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Nearby, the Lexus-swapped Rover sat stationary with unstained stickers still on its fresh tires. The team were chasing their own electrical issues that were, shockingly, all Toyota parts and not any of the car’s remaining Lucas Electrics bits. The firewall was mostly non-existent and the car looked like it had at least 50 hours of work left to do before it could move under its own power.

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I returned to the Penalty Box after the short jaunt to find the Class C-leading Hella Sh***y Racing Volkswagen TDI-powered Porsche 911, its driver facing a Murilee Martin-brand rant about Porsche 911 owners or East German BDSM clubs or some other such common Murilee Martin topic. Most first- or second-time offenders get a quick stop and go in the Penalty Box, but Murilee was in no hurry to let such a finely honed racing machine resume beating up on the Ford Fairmont Futuras of the world in Class C.

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After a few minutes, the TDI chugged to life and plodded out of the Penalty Box, sounding like some kind of automated tractor built by the .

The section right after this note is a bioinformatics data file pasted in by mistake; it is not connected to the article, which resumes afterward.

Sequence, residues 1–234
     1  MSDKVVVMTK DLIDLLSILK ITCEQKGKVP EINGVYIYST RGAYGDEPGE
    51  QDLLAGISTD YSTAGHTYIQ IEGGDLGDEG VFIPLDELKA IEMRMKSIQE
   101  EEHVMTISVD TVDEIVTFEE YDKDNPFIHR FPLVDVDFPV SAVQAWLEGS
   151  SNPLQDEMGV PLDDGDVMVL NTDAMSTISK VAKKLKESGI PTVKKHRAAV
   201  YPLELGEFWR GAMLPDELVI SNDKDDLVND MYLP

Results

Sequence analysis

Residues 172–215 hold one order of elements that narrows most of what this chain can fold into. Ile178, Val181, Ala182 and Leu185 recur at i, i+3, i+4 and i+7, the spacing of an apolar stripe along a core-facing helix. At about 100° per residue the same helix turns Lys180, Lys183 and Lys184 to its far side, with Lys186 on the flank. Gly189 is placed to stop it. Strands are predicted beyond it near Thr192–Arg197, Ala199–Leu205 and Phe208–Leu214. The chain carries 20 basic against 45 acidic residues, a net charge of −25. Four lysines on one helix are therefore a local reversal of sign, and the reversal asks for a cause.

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The Mad Taxi Mazda RX-7 came in for a quick penalty, which allowed me to get a quick snap of a penalty from a previous race, where they were forced to use all of the .

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Eyesore Racing, who had run in the Top 5 for most of the day, dropped into the Penalty Box in the race’s last hour for a spin. I took the opportunity to snap a photo of the car’s . As Eyesore includes several engineers, they actually did airflow simulations and modified the car’s cabin so that it flowed in through the “door” and out through a channel behind the driver.

It’s all black magic to a prole like me, but they have won five LeMons races with their tired . This time, the black flag would cost them a few positions, but their flying Miata act the next morning broke several suspension components and dropped them out of contention, though they had it all patched together in 45 minutes.